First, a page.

Nintendo recently released another firmware update to the Wii software

that all Wii owners are forced to download if they wish to keep

shopping in the Virtual Console, the retro heaven for Nintendo gamers.

Lately the internet has been buzzing with excitement revolving around

the new DSi and its capabilities. While official confirmation of the

DSi’s Virtual Console remains behind sealed lips, the Wii software

update along with a Japan-only announcement bring about a curious

detail that suggests the VC is no longer strictly a Wii-thing.

dsi-cat.pngAccording to GoNintendo,

the Japanese Wii owners have received a message apologizing for the

recent downtime of their VC service caused by maintenance. During this

break, all mentions of Wii points will be changed to Nintendo points.

Some improvements to the purchasing form will also be made by further

clarifying which controllers are suitable for which games as well as

some cosmetic changes. My European Wii received the controller updates,

but Wii points remain Wii points.

As all gamers know, Japan is

always first in line for everything Nintendo, which is why so many

gamers look to the land of the rising sun to get a glimpse of the

future of gaming before it hits our shores. But calling Wii points

Nintendo points, doesn’t necessarily mean that the points system is

becoming a universal Nintendo credit. Even if it did, why would I be

raving about the possibility of a portable Virtual Console at this


Details about the yet unreleased DSi reveal the

surprising absence of a GBA slot. The new handheld is also said to

feature much more and far more sophisticated downloadable content than

its predecessors. Earlier, VC Reviews

speculated that GBA games along with older Gameboy titles may be the

first content available for download. We already know there’s going to

be DSiWare available for purchase, though the details at this time are

still vague. As usual, Nintendo is silently savoring the moment as they

sit back and watch us squirm in excitement. What ever the case may be,

so far signs point to a DS Virtual Console being around the corner.


the VC to the handheld market naturally allows for any type of handheld

games to be ported over. What I’m personally especially looking forward

to is seeing the handheld Zelda classics to stop collecting dust and

get introduced to new generations. But what’s even more interesting, is

the possibility of seeing the first ever handheld Zelda re-released in

its two-screened glory.

In 1989 Nintendo released Zelda Game

& Watch as the final part of their first venture to the handheld

world of gaming. The earliest Game & Watch games were released as

early as 1980, nine years before the Gameboy, making them the first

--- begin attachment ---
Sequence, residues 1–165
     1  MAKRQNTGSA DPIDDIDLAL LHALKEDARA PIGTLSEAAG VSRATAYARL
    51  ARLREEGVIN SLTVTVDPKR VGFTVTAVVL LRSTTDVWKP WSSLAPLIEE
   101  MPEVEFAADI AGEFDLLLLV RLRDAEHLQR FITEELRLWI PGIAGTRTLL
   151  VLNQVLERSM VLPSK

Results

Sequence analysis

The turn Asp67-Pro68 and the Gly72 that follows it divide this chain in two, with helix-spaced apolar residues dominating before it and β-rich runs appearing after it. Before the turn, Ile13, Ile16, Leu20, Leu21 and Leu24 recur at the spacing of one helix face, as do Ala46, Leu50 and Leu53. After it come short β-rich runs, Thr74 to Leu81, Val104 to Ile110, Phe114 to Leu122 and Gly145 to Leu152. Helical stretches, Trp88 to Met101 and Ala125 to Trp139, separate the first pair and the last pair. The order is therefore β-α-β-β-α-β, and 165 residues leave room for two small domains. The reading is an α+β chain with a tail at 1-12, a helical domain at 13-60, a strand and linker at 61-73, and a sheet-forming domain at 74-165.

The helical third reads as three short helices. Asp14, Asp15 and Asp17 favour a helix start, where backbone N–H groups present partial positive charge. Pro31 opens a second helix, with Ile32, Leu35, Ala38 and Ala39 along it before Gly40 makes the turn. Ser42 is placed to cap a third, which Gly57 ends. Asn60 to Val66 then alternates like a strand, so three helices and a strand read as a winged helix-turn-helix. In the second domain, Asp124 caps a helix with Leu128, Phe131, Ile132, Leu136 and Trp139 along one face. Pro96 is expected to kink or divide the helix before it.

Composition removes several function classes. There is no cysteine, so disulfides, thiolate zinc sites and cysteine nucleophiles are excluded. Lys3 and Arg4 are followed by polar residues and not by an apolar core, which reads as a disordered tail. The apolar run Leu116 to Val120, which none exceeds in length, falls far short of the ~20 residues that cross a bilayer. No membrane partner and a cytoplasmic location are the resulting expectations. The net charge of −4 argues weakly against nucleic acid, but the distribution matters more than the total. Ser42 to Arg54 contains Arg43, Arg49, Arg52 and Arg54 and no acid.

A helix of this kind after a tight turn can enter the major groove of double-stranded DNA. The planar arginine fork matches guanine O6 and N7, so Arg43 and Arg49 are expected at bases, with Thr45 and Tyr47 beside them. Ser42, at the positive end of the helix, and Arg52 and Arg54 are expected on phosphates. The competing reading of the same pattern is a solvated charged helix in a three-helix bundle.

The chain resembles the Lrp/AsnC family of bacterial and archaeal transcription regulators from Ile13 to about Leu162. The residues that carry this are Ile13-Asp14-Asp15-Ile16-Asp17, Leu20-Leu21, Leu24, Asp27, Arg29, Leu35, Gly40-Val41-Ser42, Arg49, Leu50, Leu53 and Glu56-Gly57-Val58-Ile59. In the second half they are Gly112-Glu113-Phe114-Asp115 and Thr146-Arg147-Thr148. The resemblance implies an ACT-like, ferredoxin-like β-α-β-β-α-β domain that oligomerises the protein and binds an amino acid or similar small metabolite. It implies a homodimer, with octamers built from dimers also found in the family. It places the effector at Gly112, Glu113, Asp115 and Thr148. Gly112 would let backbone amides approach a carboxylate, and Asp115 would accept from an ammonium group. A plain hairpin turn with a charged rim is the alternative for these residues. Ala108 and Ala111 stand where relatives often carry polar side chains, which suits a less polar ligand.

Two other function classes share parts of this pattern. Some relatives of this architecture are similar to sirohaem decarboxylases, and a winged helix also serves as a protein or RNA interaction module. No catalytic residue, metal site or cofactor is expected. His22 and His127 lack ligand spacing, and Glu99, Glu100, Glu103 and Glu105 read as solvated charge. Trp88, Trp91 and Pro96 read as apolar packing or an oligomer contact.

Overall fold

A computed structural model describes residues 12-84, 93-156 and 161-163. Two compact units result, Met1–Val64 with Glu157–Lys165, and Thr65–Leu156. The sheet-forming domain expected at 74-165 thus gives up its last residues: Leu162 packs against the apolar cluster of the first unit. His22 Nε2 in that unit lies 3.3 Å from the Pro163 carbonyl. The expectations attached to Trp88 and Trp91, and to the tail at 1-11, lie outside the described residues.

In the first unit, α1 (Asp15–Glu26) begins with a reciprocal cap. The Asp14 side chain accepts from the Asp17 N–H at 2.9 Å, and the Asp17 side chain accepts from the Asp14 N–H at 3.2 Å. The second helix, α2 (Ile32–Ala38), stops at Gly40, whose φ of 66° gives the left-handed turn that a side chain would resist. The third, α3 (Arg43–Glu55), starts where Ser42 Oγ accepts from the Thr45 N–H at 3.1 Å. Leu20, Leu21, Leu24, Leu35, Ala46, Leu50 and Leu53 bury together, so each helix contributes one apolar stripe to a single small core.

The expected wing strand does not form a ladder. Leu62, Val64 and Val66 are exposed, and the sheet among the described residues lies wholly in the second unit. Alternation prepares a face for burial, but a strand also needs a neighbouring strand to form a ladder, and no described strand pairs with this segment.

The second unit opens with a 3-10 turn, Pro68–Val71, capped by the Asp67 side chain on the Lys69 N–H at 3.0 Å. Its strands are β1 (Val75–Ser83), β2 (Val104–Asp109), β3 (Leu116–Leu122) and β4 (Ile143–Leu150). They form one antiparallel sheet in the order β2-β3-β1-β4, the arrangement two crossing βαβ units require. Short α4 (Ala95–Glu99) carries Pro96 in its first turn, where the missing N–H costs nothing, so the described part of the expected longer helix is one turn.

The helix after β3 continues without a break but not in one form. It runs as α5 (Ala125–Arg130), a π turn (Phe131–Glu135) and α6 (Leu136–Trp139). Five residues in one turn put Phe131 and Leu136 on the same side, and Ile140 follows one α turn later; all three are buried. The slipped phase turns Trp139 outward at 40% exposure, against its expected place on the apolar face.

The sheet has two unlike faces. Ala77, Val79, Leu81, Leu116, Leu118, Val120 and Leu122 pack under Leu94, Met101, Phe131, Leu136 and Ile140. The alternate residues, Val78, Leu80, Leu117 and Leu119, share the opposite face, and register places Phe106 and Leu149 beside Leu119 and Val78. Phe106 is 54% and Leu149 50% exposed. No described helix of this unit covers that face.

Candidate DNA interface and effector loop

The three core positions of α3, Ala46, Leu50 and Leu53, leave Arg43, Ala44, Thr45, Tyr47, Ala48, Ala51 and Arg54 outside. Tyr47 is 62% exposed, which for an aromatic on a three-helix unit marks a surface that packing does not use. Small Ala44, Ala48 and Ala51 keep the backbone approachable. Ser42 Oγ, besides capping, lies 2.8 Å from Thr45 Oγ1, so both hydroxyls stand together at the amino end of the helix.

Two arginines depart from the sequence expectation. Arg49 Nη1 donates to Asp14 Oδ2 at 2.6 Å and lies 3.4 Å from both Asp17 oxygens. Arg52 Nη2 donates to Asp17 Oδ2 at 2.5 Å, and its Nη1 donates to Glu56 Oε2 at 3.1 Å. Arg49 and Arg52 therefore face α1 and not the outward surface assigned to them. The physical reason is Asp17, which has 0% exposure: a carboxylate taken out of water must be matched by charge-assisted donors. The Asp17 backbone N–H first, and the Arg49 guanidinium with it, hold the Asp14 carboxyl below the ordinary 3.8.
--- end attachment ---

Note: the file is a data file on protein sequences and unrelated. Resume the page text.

ever portable video games. Each unit had only one game, which used one

or two LCD screens, similarly to the Nintendo DS. The Zelda game was

later featured as a hidden bonus game in Game & Watch Gallery 4 for

the GBA. The port however suffered from the limitations of the GBA as

everything had to be crammed on one screen.

phantom-hourglass-multiplayer.JPGRetro fantasies

aside, the new features are also paving way for much more than just

re-released classics. The as the DS and DS Lite have already shown,

handhelds today are about more than just playing Tetris on the way to

school. Wireless multiplayer is no longer science fiction, but instead

part of everyday gaming. Even Zelda jumped in with the release of

Phantom Hourglass. While the game made a brave attempt to make the most

out of the DS’s capabilities, in the end the multiplayer turned out to

be nothing but a minigame, that was merely a byproduct of the actual

game everyone wanted to buy in the first place.


Hourglass wasn’t the first Zelda to try its luck with the portable

multiplayer concept. The first ever multiplayer Zelda, The Four Swords,

suffered from insane hardware requirements. To play the game, each

player needed their own copy of the game, a GBA unit, and a hoard of

cables to connect them to one another. While the game received praise

for being a fresh experience and bringing the multiplayer aspect to the

franchise, it quickly slipped under the radar and was completely

ignored by a majority of Zelda fans. Many don’t even count it as a

legitimate Zelda game. One can only hope that Nintendo sees the

potential this game could have as a downloadble game in the DSi’s

Virtual Console, with the multiplayer turned completely wireless.


second game, Four Swords Adventures, was a far more approachable

concept as you no longer needed four copies of the game. The fallback

this time was that the cables you used to connect the GBA’s together

were useless with FSA. You needed new cables that connect to the

GameCube. The few people who actually managed to rake together enough

cash and have a couple of friends ready to do the same in order to play

Four Swords were forced to buy another set of cables, which just like

the other ones, weren’t really useful for anything else. One has to

wonder just what was Nintendo thinking.


Phantom Hourglass

thankfully only required one game cartridge to give people a chance to

try out the multiplayer. Though, not all content was available without

two cartridges. While the PH multiplayer pales in comparison to the

greatness of the Four Swords games, it was clearly a step to the right

direction, making the games affordable and accessible. Now that

Nintendo has gotten their feet wet with the whole concept, it’s time

they finally deliver what everyone seems to be waiting for. Sure,

nobody minds seeing classics like Link’s Awakening re-released, but

what I really want to see is what Nintendo can do with the concepts

they’ve been toying with for years now. I want innovation, dammit!

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